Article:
Red Sox piecing together pitching while offense surges

Posted July 08, 2011, at 6:54 p.m.
Last modified July 08, 2011, at 7:42 p.m.

Beckett and Wakefield and off to the pen is the battle cry at Fenway as the Red Sox head into the All-Star break.

With Jon Lester and Clay Buchholz on the disabled list and John Lackey struggling with an ERA of 7.47, manager Terry Francona is piecing together a starting rotation to get to the break so the Sox can reassess.

Francona has not named a starter for Sunday’s game and is in no hurry to do so.

“We’ll get there,” he said Thursday. “There’s no reason for us to do something premature. We’ll see how we get through the week. We certainly have some ideas, some things to throw around, but we’ll have an announcement when we think it’s appropriate.”

That is really all he can do. On any given night, those who might start may be needed in the bullpen. A day-to-day starting rotation is not what any team has in mind, but it happens.

Fortunately, the Sox offense is producing enough runs to cover the problem, at least for now.

Also fortunate, the Sox are playing at Fenway where the bats had produced a .330 average and some seven runs per game over the last 13 games heading into Friday night.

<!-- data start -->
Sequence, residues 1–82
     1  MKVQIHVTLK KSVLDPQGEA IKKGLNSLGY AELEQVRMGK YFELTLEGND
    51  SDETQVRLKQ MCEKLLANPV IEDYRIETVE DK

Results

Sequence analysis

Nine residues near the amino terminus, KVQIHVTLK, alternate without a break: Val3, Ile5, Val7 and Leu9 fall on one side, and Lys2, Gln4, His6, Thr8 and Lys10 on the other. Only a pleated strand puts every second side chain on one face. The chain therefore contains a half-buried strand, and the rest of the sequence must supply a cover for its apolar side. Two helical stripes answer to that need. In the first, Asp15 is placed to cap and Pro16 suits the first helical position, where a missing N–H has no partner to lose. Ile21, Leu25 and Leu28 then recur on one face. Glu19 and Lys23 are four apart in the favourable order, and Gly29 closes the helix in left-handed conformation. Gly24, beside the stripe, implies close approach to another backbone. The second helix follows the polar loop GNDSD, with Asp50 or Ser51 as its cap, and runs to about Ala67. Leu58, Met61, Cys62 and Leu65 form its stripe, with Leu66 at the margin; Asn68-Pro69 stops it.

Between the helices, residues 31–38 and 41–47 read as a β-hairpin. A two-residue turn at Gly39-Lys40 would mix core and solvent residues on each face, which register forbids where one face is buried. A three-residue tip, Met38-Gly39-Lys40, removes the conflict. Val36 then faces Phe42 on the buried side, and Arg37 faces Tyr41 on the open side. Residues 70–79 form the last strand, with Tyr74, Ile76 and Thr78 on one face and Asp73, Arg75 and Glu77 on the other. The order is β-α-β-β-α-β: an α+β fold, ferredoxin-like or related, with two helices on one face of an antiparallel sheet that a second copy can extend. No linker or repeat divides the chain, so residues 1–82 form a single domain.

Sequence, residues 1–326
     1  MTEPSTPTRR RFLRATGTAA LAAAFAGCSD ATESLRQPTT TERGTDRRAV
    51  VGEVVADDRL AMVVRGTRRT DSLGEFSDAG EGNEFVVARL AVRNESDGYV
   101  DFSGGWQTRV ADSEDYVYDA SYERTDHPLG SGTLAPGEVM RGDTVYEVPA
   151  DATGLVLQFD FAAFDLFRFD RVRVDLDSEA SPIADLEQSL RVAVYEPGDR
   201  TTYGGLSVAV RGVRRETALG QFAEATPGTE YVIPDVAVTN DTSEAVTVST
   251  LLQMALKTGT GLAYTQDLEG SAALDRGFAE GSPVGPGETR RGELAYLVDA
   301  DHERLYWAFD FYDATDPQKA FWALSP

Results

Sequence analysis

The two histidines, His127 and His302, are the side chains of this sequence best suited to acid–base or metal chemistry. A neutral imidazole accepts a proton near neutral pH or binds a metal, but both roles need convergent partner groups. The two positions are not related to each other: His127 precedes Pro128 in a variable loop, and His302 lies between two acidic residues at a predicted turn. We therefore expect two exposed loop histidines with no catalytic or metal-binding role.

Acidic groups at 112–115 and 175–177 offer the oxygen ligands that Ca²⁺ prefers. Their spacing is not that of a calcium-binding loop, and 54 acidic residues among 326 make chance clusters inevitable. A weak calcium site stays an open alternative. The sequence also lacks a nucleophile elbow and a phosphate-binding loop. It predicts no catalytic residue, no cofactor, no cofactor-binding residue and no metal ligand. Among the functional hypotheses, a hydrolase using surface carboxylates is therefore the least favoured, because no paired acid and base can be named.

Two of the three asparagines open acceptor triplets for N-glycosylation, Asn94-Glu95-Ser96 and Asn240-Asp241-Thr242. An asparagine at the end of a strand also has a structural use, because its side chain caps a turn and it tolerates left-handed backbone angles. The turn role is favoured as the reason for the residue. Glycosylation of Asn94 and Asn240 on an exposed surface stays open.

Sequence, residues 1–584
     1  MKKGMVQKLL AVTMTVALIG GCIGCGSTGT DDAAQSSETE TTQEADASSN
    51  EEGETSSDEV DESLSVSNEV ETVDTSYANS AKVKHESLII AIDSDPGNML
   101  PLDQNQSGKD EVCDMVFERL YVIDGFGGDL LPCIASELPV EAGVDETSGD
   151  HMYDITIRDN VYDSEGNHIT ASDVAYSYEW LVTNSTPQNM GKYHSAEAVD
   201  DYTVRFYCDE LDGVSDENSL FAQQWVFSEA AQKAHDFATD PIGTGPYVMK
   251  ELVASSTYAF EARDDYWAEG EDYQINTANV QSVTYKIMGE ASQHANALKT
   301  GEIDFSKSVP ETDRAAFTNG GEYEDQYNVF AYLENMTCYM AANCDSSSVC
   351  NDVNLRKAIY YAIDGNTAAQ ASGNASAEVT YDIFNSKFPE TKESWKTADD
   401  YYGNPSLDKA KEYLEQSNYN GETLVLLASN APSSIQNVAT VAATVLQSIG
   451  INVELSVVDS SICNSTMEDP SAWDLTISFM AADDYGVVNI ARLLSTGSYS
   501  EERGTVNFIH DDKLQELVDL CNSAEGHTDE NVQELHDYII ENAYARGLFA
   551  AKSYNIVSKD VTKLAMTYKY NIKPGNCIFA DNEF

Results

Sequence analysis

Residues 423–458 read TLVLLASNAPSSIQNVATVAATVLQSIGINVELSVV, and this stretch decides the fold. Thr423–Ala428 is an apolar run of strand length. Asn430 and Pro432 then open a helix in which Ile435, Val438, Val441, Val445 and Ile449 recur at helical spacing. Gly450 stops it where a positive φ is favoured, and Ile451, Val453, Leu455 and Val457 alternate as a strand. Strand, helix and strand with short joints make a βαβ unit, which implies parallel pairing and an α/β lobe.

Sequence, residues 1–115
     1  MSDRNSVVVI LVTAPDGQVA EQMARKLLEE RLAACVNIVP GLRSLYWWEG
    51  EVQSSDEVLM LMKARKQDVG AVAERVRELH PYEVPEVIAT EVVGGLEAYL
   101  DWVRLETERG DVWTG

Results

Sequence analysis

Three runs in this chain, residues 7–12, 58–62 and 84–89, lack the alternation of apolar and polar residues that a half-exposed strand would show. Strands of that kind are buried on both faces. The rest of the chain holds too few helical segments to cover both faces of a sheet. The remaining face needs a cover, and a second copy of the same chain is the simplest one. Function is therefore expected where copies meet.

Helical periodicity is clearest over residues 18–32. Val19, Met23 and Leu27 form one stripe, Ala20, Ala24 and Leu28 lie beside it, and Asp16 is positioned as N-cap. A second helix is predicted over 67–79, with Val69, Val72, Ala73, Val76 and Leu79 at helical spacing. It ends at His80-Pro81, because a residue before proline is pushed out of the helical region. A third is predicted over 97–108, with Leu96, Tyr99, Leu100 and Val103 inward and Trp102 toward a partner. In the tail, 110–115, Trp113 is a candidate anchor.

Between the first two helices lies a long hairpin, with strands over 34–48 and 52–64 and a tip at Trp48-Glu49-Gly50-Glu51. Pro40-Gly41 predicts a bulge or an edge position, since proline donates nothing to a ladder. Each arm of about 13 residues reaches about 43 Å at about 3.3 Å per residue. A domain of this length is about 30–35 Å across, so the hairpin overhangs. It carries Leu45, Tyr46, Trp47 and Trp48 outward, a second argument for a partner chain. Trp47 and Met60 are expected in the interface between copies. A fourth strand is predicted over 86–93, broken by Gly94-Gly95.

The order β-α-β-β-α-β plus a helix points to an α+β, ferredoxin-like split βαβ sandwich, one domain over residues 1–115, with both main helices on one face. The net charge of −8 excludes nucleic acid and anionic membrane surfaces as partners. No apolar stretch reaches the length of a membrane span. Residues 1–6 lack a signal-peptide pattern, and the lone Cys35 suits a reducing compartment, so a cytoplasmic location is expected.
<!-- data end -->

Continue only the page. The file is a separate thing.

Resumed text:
Kevin Youkilis and Adrian Gonzalez have the top two averages in the AL in their home yard and David Ortiz is sixth in the league in that department. It’s time for the offense to pick up the pitching and it is doing just that.

Buchholz has a bad back, but the good news this week was the injury is not structural and he will try to work the problem out with anti-inflammatory shots and a lot of stretching.

Still, the concern is there regarding the rotation for the second half.

Decisions are being made as to what to do if he can’t come back as quickly as hoped or if someone else goes down.

That makes the Sox a buyer as the end of July trading deadline approaches. After that, players must pass through waivers to be traded, making deals more difficult.

There are plenty of teams out of contention already, so there will be sellers and the Sox will scour the rosters to see if there is starting pitching help somewhere.

This is the season of the hired gun. Those are the players who are acquired for the rest of the season without promises of anything beyond that.

Some teams want to dump salaries, making such players available for a modest rest of the season salary.

The other hope is that Lackey will come around for the second half. That would be an enormous help for Boston.

Andrew Miller has been able to win three of the four starts he has been asked to make. He is not overpowering, but if he can continue to provide five or six innings of keeping the Sox in games, the offense may be able to do the rest, at least for a while.

The Sox are dealing with the oldest adage in baseball: You can never have enough pitching. The Sox hope they have enough for the second-half battle with New York and Tampa for both the division title and probably the wild card spot that again looks like it will go to the AL East.

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